I am not a doctor. Nor do I play one on TV or in the movies. However, I am becoming quite knowledgeable in techniques that can be used in the treatment of spine and muscle issues and accompanying pain. I don’t recall signing a release stating I would be willing to be a guinea pig to these treatments in order to help educate my readers, but apparently a higher power has that plan for me.
Recently, I got to experience the Graston Technique. Graston Technique is defined as “a trademarked therapeutic method for diagnosing and treating disorders of the skeletal muscles and related connective tissue. The method employs a collection of six stainless steel tools of particular shape and size, which are used by practitioners to rub patients’ muscles in order to detect and resolve adhesions in the muscles and tendons. Practitioners must be licensed by the parent corporation in order to use the Graston Technique trademark or the patented instruments. Several examples of Graston treatment have been used in contact sports where scars and contusions are common.”
The best way I can describe it, from my experience, is that it involves a pressured scraping motion over a specific area of skin in a back and forth repetition. Dr. Craig put a few drops of a scented oil on the area before he began, and also told me to let him know if it got too painful. The first area he addressed was between my neck and shoulder on the right side, where I’ve been experiencing the aftermaths of the dislocated shoulder. I sensed that he started out with just a little pressure and continued to apply more pressure while moving the instrument back and forth. It got painful, and I know I made a couple of ‘cringy‘ faces along the way, but I was determined I was going to prove I was not the wimp he thought I was through the cupping sessions, and I didn’t make a sound the entire time. It might have lasted three minutes. He then also did the same treatment just above my elbow, where I’d been experiencing some jabbing pains. I got through that as well, though I mentioned that it was more painful than the one on my shoulder (less fat for absorption, probably?). But, at the end of the treatment, I wasn’t in tears or even close to being so. So I called it a success!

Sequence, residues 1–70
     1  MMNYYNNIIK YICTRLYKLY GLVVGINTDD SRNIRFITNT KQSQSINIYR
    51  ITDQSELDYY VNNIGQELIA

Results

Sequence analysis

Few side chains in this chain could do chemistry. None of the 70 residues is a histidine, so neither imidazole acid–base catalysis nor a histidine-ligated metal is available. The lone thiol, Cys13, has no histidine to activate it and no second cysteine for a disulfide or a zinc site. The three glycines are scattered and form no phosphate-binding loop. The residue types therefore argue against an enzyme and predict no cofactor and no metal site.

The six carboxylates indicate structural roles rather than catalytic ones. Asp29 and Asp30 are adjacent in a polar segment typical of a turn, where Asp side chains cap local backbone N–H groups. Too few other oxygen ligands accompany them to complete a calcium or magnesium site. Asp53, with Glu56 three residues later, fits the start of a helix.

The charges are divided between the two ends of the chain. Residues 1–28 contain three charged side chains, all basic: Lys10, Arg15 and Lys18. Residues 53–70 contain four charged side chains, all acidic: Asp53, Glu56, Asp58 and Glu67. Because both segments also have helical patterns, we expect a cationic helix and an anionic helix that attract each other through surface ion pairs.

The next two days, I know that the area around my neck and shoulder was very sensitive to touch, but there was no bruising of any kind. By day five, I didn’t feel any sensitivity in the area there and had experienced none at the elbow area. After what I’d suffered through with multiple cupping sessions, I now claimed it a major success!
And a week later, when I went back for my appointment, I could report that I had had absolutely zero pain in my shoulder/neck area, other than the topical sensitivity issues right after treatment. This was a huge breakthrough! Furthermore, what pain issues I still had I was able to pinpoint and describe. There is an area in my upper arm, centered between my shoulder and my elbow, that feels like it contains a used, dry sponge. If you’re at all familiar, you know that it’s nearly impossible to manipulate or stretch a used, dry sponge. And that’s exactly how it feels. When I try to do my exercises or overextend my use of that arm, it feels like when it’s time for those muscles to respond accordingly, they just don’t! And it’s painful there when I try. Only occasionally anymore, and only for a brief amount of time, do I get the stabbing, radiating pain and it’s always when I don’t take my time reaching for something. But I’m using my arm more frequently again for normal routines, and ignoring the pain when necessary to accomplish a personal hygiene task. At my last visit, when Dr. Craig put me through the mobility tests, he says the mobility is increasing – that I’m moving more before reaching the pain level at which I’m supposed to stop. It doesn’t feel like there has been a change to me – to be honest, I think it’s more that my pain level tolerance is increasing. But hey, something’s happening!
I’m still frustrated that it seems like there is a long road in front of me yet. I’m starting to convince myself that I may have to learn to live with this limitation for the rest of my life. But then again, who knows what other tricks Dr. Craig has up his sleeve???